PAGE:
Stilton, Cambridgeshire, UK

The Stilton Story

Ongoing - Interpretive Planning of the Stilton Cheese Story and development of a new visitor centre.

Stilton is a village in Cambridgeshire, England, and within the historic county boundary of Huntingdonshire. The Roman Ermine Street, which later became the Great North Road, was integral to the development of the village, and in late medieval times the village was a popular posting station and coaching stop. At one time there were 14 public houses for a population of around 500.

The main inns of the period were The Bell and The Angel, both of which are still in existence. The Bell Inn has been recorded since 1515 and was rebuilt in 1642. The Angel Inn, dating from the early 17th century was rebuilt as an impressive red brick house in the 18th century ceased to be an inn and was badly burned in 1923. Fires also damaged the village as a whole in 1729, 1798 and 1895.

The village gave its name to Stilton cheese. Previously the most widely accepted explanation was that the cheese came down to be sold at the coaching inns in Stilton. Daniel Defoe in 1722 described the village as famous for its cheese. Traditionally it was thought that supplies were obtained from the housekeeper at Quenby Hall, Hungarton, Leicestershire, near Melton Mowbray, and were sold via her brother-in-law to travellers in Stilton's coaching inns, namely The Bell or The Angel.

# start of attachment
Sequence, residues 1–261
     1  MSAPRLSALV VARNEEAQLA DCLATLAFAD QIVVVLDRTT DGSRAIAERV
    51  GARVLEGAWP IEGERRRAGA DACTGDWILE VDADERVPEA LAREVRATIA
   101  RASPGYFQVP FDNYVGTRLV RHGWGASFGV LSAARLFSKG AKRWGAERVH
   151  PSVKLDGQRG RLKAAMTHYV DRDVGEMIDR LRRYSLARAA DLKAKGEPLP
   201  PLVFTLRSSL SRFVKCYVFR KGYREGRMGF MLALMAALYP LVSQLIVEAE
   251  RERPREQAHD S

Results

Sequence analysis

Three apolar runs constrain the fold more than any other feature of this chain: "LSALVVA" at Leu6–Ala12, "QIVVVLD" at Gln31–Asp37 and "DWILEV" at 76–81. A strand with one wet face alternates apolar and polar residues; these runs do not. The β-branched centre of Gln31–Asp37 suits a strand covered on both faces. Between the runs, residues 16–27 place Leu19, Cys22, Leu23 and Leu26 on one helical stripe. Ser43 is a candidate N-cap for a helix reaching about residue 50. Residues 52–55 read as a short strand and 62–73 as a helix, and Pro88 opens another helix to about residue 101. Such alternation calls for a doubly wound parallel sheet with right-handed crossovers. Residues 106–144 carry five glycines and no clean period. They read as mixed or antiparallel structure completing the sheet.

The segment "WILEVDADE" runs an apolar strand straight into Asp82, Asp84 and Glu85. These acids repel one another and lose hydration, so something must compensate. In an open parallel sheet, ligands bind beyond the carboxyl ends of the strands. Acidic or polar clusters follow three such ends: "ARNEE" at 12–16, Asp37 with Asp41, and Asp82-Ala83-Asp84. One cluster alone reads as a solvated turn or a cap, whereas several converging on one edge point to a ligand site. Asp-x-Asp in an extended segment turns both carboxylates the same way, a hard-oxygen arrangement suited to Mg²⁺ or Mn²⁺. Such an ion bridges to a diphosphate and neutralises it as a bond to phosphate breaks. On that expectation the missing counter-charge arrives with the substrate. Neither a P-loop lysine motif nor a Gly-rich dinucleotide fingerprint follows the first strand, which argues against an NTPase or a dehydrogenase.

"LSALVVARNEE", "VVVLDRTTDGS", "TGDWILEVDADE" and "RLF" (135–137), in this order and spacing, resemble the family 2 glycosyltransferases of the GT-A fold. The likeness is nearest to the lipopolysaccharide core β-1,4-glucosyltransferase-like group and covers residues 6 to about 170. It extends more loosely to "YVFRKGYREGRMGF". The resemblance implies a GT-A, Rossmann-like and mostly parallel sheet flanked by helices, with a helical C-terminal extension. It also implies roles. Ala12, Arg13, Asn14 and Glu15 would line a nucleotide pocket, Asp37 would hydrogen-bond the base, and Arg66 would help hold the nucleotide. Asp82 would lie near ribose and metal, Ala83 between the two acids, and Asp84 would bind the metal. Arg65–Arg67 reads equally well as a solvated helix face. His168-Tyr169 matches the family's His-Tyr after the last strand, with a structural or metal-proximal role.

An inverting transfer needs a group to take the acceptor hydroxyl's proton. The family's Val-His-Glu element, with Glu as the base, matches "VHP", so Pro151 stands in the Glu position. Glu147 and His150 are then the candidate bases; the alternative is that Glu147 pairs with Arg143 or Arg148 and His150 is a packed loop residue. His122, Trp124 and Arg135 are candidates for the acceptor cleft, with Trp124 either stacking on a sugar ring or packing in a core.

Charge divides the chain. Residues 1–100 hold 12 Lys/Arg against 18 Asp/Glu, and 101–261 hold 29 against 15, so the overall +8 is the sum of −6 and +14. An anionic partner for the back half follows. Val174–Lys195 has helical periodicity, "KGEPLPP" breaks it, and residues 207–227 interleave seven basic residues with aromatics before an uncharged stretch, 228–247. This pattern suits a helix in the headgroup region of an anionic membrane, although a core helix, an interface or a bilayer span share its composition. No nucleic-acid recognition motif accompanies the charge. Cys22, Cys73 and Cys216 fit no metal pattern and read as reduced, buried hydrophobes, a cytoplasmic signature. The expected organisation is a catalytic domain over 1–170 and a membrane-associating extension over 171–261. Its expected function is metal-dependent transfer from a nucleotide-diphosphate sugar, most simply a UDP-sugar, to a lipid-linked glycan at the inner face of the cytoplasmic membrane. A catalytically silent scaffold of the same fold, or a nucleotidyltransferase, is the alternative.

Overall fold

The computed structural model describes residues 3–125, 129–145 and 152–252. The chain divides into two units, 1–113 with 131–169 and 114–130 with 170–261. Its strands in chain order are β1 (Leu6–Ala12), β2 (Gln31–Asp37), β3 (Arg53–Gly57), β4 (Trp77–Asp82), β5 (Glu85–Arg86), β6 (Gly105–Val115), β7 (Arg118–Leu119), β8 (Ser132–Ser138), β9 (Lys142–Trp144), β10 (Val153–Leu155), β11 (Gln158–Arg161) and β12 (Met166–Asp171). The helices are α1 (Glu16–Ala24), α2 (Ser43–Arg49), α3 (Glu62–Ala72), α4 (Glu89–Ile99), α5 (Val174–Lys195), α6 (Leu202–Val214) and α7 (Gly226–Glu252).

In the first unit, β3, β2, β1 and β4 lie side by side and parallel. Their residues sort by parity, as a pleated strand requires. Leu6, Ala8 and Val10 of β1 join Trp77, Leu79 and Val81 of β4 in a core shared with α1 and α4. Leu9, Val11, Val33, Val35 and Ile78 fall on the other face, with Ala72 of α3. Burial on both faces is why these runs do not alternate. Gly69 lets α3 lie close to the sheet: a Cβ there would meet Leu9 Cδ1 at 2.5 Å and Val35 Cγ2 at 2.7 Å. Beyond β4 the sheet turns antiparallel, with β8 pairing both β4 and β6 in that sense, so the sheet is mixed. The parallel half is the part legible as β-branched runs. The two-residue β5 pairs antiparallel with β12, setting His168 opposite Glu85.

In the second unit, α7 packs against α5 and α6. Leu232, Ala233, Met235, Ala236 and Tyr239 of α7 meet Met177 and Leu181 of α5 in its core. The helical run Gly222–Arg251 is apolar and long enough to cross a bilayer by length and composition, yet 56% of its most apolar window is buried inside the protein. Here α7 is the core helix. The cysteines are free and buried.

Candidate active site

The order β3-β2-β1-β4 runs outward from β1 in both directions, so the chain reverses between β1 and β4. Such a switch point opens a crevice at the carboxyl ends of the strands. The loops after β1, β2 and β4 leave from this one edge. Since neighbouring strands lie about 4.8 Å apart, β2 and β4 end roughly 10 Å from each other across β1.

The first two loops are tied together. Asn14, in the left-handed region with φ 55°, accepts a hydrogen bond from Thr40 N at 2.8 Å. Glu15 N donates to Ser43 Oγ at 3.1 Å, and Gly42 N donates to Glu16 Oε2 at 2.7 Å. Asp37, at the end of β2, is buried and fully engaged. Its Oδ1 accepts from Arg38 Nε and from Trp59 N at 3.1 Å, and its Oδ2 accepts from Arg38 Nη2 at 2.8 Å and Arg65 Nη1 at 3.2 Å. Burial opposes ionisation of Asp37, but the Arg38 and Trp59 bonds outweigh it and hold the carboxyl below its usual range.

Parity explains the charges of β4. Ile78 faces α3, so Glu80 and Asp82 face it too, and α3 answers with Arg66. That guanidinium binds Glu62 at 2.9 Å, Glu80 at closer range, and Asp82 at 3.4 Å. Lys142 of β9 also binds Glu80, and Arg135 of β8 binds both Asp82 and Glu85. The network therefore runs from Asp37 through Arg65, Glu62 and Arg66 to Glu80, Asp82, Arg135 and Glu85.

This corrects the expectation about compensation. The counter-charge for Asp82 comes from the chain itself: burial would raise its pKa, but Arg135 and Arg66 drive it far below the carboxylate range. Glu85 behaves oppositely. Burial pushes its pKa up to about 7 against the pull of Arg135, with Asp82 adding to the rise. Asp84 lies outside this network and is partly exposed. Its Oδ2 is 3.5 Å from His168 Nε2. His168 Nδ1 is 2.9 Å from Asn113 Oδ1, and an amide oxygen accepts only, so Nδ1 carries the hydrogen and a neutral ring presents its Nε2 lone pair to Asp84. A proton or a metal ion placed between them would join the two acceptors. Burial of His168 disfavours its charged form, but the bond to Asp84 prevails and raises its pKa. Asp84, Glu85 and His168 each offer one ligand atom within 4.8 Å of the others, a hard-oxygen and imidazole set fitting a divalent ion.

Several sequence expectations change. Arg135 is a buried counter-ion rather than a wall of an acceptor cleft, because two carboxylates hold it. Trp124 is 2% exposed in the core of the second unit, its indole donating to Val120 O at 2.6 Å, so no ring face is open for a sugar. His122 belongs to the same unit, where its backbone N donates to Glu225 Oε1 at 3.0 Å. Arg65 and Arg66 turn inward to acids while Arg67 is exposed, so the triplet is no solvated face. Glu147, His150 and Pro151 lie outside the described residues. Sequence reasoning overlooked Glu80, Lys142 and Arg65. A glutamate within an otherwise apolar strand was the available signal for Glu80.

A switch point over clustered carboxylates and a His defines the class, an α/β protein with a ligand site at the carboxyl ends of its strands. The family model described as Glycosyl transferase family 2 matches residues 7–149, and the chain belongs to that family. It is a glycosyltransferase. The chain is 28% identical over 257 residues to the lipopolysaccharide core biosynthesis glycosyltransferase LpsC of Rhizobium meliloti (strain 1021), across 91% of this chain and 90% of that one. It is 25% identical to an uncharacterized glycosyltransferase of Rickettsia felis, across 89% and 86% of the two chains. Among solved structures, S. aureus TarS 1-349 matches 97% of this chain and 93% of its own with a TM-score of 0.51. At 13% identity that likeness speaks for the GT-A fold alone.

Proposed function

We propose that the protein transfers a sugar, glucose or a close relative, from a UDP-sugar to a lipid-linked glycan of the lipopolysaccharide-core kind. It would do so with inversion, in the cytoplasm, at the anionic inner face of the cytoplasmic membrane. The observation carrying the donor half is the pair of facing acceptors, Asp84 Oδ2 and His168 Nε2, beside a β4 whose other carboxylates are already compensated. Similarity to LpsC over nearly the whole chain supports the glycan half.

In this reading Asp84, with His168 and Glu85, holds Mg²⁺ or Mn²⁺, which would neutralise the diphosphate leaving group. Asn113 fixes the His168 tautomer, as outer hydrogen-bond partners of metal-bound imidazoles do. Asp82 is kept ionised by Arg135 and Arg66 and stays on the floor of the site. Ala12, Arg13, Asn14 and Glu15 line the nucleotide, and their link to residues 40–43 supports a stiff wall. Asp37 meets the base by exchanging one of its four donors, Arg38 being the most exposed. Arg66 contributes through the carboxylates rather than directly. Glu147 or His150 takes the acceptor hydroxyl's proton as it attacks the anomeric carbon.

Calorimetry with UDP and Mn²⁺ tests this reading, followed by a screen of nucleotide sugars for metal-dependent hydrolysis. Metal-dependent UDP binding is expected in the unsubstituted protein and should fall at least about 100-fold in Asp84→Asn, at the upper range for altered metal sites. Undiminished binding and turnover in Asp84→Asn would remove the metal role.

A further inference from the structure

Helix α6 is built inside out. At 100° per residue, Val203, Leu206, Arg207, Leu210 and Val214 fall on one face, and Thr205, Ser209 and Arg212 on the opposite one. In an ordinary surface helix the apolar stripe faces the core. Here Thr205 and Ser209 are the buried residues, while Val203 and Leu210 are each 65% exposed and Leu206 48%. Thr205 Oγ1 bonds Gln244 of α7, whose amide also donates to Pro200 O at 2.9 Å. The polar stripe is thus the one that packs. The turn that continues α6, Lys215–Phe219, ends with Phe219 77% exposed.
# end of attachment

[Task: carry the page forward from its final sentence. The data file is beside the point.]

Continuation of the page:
Subsequent research has led to claims that the cheese did originate in the village in the late 17th or early 18th centuries, before any contemporary references to its production in Leicestershire.

Today Stilton cheese is made in Derbyshire, Leicestershire and Nottinghamshire ....but not in Stilton! The manufacturers of Stilton cheese in these counties applied for and received Protected Geographical Status (PGS) in 1996 so that production is currently limited to these three counties and must use pasteurised milk, which can be drawn from many counties within the central belt of England.

Recent compelling evidence indicates that it is unlikely that the village would have been a centre for selling of cheese unless cheese was also made in the area. Furthermore the original recipe for a cream cheese made in Stilton in the early 18th century has since been discovered and since more than one type of cheese was usually made, it is possible that a blue cheese was also made in the area.

The Parish of Stilton applied to Defra for an amendment to the Stilton PDO to be included into the Protected area but was unsuccessful.

However the fight to be allowed to make Stilton Cheese in Stilton continues!